Joe Morgan, the Baseball Hall of Fame second baseman who was for the better part of a decade a key cog in the Cincinnati Reds' Big Red Machine, has passed away at the age of 77, the Associated Press reported. He joins Whitey Ford, Al Kaline, and Lou Brock, among others, in the ranks of baseball greats who have died in 2020.
Family spokesman James Davis confirmed that Morgan passed away at his home Sunday in Danville, California, on Sunday. He had been suffering from a nerve condition -- a form of polyneuropathy.
He Was Born September 19, 1943
Joe Leonard Morgan was born September 19, 1943, in Bonham, Texas, as the oldest of six children. As Encyclopedia.com noted, he wrote in his autobiography that he never experienced racial discrimination even though was born in the height of the Jim Crow era in a segregated section of town. He described his family as tight-knit and supportive.
By his early teens, his family had moved to California in search of a better life. At that time, Morgan was playing ball in both the Babe Ruth league and later, through his high school years.
"I was known as a good, little player—with emphasis on the second of the two adjectives," he wrote.
Early in his career, Morgan struggled at the plate because he held his back elbow too low. After having joined the Houston Colt.45s, teammate Nellie Fox worked on his swing with his fellow second baseman, suggesting that he flap his arm like a chicken to keep his elbow up. The motion would later become his signature.
He Was A Key Part Of The 'Big Red Machine'
After spending 10 seasons with the Houston team, which would later change its name to the Astros, Morgan was traded to the Cincinnati Reds in a blockbuster deal that would go down in Queen City sports history as quite possibly its best trade ever.
Morgan, along with teammates Pete Rose, Johnny Bench, Tony Pérez, and Dave Concepción, became a part of what was known as "The Big Red Machine," a nickname for the team that dominated the National League during the 1970s.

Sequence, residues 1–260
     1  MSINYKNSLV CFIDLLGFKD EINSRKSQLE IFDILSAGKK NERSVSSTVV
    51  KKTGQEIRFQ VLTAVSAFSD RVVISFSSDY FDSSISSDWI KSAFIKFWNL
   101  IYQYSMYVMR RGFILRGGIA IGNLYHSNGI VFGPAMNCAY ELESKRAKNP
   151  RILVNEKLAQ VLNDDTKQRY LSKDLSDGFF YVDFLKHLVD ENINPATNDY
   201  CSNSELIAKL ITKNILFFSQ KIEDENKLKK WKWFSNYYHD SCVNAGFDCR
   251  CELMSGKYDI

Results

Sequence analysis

During his decade in Cincinnati, Morgan made eight consecutive All-Star Game appearances (1972–79), drove in Ken Griffey for the winning run in Game 7 of the 1975 World Series, won the NL MVP Award in consecutive seasons (1975-1976), and won the Gold Glove at second base for five consecutive seasons (1973-1977).
In 1980, he rejoined his old Houston team. He would spend the next four years as a capable player, but his best days were behind him. His last MLB game was in September 1984.
He Later Became A Broadcaster
Like a lot of baseball greats, Morgan would follow up his career on the field with one in the broadcast booth. Over the next couple of decades, he would hold a variety of jobs calling plays and providing color commentary, including stints with the Reds, the San Francisco Giants, CBS Sports, ABC Sports, and ESPN, among others.
His tenure as a broadcaster contrasted sharply with that of his playing years. As Slate reported, Fox announcer Tim McCarver called him "the worst color commentator in the history of the world, in any sport."
He Was Married Twice And Had Four Children
Morgan married Gloria Stewart, his high school girlfriend, on April 3, 1967. They had two children and later divorced. His second marriage was to Theresa Behymer, with whom he had twins.